Return to Transcripts main page


Letting Iraqis, Syrians Move On To Germany; Serena Williams Goes for First Career Grand Slam; U.S. President Visits Arctic To Spotlight Climate Change. Aired 11:00a-12:00p ET

Aired August 31, 2015 - 11:00   ET


[11:00:16] BECKY ANDERSON, HOST: Mounting pressure to act as more migrants arrive in Europe. Every day EU officials look to get a handle on

the crisis. We'll have reports from Hungary, from Germany and from France up next.

Also ahead, frontline state Italy is often a migrant's first step on what is a very long journey. we'll speak with the country's foreign

minister about Italy's response and what support it needs.

Plus, scenic snow caps, the U.S. President Obama heads north. He's in Alaska's stunning landscape to push for more action to combat climate


ANNOUNCER: Live from CNN Abu Dhabi, this is Connect the World with Becky Anderson.

ANDERSON: It is on a pretty misty, humid night at just after 7:00 in the evening. Welcome to the UAE.

Just as one hurdle is crossed, another arises for exhausted migrants desperate to make their way across Europe. Hundreds of Iraqi and Syrian

refugees were allowed to board a train in Hungary today. Now it left for Munich and Germany, but were stopped by Austrian authorities.

Now the Hungarian government denies that it is allowing refugees without the proper documentation to travel freely onwards. It tells CNN

that would violate European Union regulations.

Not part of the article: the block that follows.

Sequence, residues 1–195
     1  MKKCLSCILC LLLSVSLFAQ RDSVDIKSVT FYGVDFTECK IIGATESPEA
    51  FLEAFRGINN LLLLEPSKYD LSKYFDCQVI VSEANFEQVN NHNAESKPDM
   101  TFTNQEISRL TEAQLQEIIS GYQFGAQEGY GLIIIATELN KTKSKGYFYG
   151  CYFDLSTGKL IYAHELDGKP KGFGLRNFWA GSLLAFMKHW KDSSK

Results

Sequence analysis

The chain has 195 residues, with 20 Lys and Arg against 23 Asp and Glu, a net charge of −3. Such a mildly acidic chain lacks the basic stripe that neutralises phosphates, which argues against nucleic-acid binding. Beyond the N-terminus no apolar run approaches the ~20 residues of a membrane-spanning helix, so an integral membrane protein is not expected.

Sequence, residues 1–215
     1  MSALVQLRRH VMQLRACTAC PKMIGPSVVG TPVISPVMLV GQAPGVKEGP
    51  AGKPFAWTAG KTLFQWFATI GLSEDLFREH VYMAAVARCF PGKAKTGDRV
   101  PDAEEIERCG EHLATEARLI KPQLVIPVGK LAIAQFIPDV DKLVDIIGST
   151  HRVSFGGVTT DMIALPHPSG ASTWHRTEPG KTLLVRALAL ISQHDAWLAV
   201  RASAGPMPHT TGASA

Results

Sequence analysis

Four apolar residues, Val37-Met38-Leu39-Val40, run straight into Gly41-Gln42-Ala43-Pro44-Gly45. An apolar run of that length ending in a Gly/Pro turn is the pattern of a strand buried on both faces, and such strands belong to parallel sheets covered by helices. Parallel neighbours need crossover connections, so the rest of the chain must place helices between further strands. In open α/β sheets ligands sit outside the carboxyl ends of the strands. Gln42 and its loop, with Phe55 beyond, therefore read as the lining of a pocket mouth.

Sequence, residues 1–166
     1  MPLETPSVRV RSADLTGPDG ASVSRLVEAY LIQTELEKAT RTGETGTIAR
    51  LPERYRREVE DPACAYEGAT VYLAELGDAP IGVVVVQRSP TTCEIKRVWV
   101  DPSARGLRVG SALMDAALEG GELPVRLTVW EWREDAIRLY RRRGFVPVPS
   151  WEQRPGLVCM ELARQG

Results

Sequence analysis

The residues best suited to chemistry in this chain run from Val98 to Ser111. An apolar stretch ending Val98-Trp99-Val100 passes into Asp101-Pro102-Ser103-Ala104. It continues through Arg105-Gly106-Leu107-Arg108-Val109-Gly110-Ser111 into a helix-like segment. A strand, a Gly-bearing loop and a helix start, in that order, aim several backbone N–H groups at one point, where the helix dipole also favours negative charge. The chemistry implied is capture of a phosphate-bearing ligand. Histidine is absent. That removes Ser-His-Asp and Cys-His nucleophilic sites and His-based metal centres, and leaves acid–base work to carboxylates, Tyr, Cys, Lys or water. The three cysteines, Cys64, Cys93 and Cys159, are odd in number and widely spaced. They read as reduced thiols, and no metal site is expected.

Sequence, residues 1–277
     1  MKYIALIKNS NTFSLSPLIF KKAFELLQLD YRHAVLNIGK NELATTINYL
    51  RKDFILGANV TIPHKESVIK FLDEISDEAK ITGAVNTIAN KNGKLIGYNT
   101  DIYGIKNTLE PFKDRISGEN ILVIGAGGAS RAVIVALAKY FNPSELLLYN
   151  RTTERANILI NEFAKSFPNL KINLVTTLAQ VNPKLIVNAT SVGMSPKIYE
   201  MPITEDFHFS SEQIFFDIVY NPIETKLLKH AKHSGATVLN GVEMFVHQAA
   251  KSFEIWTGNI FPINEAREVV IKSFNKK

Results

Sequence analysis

Hungary is blaming Germany for much of the confusion for what it calls its, quote, more flexible attitude towards illegal migrants, or immigrants.

Well, Europe's lack of unity on the crisis underscored by harsh words from the French foreign minister Laurent Fabius criticized the fence that

Hungary is building to keep migrants out saying it doesn't respect the values of Europe and isn't even fit for animals.

Well, just a short time ago, German Chancellor Angela Merkel said the crisis is testing the core ideals of universal civil rights at the very

heart of Europe itself.

We are covering this story across the continent for you this evening. Atika Shubert is in Berlin. The destination many refugees are hoping to

reach. And Jim Bittermann is in Paris, which is also contending with a migrant crisis in its own backyard.

First, I want to bring you more on what has been today's hectic, chaotic situation at a train station in Hungary.

Arwa Damon on the line from Budapest for you.

And you've been at the main train station all day, Arwa. Describe the scenes if you will.

ARWA DAMON, CNN INTERNATIONAL CORRESPONDENT: Well, Becky, it's been quite a confusing scenario, because this morning we saw the officials at

the ticketing office at the train station tell refugees who were from Iraq and Syria that if they could prove their nationality they would be allowed

to board the train and that they would reach their final destination, whether it was (inaudible) or Munich or elsewhere in Germany.

We saw long lines, people clamoring to try to get a ticket, waiting patiently for hours to try to do just that, because they don't want to stay

here anymore. They can't take the conditions, the unbearable conditions they were having to live in at the Budapest train station for a moment


And a number of trains did leave. People packing onto them covering every single inch of space possible, including the ground, just to get out.